• Town Centres / Main Street

    Provide for the diverse daily needs of a community through the provision of walkable neighbourhood and town centres that act as community focal points or hubs with a concentration of co-located destinations and mixed land uses that attract people for a multitude of activities and fulfil a variety of daily activities and needs. . These should be surrounded by a network of connected streets, paths and cycle ways, integrated with public transport and within close proximity of a variety of residential dwelling types.

  • Public Open Space Provide a well distributed network of walkable attractive and public open spaces and natural areas within the neighbourhood

    Provides for a variety of recreational, sporting, play and social needs of the community.

  • Housing Diversity

    Provide a range of residential lot sizes and choice of housing products and tenures to facilitate housing diversity and choice to meet the different housing needs of the community.

    This includes increased residential densities in close proximity to support mixed-use centres, local employment, community facilities and public transport.

  • Sense of Place Walkable environments are required to enhance sense of community and social capital by encouraging and facilitating social ties or community connections through opportunities for residents to meet, interact and engage in their neighbourhood.

    Increases the sense of community or social capital through the facilitation of interaction between residents.

  • Shared Facilities

    Develop integrated community facilities and shared use of sport and recreation facilities and spaces to enhance opportunities for sports participant, physical activity and enhancement of wellbeing and community interaction and cohesion.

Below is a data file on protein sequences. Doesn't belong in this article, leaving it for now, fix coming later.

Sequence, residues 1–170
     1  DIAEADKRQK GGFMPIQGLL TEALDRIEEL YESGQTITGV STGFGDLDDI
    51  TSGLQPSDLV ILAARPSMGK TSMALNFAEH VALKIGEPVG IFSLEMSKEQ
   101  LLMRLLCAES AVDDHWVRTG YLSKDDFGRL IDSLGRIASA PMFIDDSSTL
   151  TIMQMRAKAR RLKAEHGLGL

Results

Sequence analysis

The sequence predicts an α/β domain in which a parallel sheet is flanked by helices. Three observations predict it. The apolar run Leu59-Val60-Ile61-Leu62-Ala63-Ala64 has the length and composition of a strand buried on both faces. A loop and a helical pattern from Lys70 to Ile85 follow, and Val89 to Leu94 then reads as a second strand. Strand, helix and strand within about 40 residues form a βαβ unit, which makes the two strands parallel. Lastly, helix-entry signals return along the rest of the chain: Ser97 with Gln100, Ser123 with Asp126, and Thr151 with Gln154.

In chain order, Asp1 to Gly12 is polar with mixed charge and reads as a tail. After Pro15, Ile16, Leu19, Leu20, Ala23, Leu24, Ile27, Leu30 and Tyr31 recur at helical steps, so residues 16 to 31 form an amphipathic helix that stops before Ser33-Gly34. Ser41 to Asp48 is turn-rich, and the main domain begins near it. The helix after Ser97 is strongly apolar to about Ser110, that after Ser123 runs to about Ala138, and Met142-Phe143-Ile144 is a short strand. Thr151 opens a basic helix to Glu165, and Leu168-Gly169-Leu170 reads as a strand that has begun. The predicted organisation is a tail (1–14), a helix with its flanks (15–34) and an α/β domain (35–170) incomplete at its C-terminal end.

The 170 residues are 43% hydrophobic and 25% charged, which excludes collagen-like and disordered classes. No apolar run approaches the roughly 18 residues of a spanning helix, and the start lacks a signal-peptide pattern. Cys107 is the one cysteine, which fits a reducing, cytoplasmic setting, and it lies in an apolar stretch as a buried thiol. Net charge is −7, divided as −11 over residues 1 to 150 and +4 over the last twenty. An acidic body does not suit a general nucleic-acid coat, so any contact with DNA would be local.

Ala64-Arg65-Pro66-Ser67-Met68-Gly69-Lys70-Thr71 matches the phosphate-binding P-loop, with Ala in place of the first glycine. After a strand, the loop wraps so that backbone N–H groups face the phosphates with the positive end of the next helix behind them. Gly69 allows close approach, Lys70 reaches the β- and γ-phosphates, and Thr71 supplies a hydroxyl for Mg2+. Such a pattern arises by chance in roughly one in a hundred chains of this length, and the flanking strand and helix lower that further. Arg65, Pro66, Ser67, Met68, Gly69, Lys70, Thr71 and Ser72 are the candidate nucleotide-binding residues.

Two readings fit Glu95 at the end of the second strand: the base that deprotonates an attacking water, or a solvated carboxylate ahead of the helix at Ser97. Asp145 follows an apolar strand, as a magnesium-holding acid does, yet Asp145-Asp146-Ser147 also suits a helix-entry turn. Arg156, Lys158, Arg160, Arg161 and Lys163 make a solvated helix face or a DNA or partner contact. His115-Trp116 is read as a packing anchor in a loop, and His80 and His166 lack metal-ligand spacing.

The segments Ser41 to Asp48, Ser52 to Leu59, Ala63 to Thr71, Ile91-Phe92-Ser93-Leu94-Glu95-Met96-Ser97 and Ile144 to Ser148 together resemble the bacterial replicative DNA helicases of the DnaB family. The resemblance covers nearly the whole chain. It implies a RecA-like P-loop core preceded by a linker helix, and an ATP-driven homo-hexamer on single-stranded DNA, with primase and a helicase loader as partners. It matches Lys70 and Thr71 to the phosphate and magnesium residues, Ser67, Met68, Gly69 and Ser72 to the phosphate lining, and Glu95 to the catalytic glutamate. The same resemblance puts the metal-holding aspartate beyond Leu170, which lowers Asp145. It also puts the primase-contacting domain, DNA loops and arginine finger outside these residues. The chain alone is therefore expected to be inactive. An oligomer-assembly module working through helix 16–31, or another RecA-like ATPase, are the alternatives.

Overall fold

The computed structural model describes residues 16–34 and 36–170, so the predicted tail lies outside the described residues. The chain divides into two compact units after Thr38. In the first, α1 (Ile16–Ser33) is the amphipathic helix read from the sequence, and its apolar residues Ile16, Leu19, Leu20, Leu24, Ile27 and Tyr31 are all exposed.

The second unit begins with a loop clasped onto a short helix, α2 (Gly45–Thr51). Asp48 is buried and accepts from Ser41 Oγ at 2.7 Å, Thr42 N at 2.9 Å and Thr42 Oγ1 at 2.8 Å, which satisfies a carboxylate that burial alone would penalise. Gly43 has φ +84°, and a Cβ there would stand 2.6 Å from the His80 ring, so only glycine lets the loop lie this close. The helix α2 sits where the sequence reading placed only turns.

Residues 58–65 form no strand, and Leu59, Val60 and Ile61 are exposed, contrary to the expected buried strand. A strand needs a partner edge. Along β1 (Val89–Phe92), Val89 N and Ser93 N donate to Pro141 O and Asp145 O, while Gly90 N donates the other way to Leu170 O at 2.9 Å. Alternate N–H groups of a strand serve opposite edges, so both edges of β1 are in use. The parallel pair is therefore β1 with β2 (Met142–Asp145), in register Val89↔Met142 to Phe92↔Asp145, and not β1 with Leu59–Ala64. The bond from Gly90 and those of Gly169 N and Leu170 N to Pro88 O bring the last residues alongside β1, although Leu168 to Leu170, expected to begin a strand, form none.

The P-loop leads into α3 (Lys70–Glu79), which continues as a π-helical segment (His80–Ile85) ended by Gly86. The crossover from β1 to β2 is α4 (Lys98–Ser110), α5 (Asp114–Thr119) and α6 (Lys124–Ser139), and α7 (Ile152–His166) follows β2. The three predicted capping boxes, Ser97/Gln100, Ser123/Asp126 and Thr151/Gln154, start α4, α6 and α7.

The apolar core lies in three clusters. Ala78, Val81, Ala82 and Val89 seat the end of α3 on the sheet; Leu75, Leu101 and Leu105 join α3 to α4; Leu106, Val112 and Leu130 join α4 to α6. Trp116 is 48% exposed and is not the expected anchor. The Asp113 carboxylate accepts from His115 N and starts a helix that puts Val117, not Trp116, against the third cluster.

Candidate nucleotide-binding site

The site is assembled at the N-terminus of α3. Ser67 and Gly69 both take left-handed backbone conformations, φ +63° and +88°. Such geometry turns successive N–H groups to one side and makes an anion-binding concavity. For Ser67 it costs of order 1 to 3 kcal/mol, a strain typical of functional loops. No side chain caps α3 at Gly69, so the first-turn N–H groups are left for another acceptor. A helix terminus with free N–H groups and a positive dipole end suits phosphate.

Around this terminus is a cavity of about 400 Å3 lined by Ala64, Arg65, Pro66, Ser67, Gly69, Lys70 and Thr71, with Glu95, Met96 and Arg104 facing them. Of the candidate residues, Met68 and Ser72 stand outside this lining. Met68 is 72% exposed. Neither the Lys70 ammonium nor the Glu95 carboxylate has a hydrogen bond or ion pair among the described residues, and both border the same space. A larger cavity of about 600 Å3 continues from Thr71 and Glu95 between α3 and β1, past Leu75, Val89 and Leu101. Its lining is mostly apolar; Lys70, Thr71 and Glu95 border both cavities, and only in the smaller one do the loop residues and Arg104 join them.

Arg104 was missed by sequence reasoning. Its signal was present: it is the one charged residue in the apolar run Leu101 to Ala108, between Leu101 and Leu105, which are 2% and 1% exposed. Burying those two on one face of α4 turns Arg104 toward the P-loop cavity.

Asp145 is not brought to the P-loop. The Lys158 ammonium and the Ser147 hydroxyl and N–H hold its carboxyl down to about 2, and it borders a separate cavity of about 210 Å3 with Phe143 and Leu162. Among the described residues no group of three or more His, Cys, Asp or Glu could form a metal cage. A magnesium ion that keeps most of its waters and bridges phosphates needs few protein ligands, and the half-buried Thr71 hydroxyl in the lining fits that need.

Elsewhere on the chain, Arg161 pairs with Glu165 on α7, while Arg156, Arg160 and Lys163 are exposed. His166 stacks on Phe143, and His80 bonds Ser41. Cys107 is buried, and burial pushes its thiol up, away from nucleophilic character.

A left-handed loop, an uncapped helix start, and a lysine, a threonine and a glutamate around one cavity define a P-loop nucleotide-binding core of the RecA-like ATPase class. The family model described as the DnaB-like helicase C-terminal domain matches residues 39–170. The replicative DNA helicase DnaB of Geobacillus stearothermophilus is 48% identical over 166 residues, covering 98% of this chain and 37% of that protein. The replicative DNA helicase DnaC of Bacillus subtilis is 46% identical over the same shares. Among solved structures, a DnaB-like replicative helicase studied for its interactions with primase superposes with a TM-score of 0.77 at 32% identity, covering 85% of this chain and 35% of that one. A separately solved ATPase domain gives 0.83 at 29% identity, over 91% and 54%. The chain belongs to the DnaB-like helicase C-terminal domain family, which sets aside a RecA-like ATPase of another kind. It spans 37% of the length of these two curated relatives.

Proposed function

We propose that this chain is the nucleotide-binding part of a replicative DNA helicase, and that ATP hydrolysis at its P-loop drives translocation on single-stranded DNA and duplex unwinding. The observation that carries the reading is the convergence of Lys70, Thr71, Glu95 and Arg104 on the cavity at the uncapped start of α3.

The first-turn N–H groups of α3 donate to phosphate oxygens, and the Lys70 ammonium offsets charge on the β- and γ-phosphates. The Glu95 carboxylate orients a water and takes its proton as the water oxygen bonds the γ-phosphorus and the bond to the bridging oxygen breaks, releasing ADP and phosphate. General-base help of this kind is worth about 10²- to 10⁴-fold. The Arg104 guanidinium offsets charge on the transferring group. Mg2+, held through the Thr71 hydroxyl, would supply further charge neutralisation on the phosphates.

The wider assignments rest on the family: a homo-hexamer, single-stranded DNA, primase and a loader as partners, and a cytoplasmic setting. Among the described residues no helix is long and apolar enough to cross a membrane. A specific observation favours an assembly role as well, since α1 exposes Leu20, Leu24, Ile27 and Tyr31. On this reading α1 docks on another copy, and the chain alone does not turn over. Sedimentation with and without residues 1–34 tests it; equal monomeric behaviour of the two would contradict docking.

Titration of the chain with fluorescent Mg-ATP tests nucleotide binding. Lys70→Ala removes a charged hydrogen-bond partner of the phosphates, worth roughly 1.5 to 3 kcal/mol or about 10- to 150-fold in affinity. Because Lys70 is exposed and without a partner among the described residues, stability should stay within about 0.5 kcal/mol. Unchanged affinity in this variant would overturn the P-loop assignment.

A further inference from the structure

• Schools

    Provide schools within walkable proximity (around 800m) to homes and ensure that the routes to school are connected and facilitate childrens active transport to school through the provision of footpaths and cycling infrastructure and served by public transport.

    Provide sport and play opportunities for children and open spaces that are capable of accommodating a range of school and community needs, as well as safe walking and cycling access.

  • Buildings

    Develop buildings and site designs that specifically supports increased levels of physical activity through the provision of spaces and facilities that promote incidental physical activity.

    Design to encourage stair use, active transport (end of trip facilities), less sitting, convenient access to public transport options.

  • Multiple FeaturesEvidence summaryPolicy links and prioritiesBest practice WA case studies Examples (international and national)ChecklistProgram/resource links

  • EVIDENCEWhat do we mean by.?Why is it importantSummary of evidence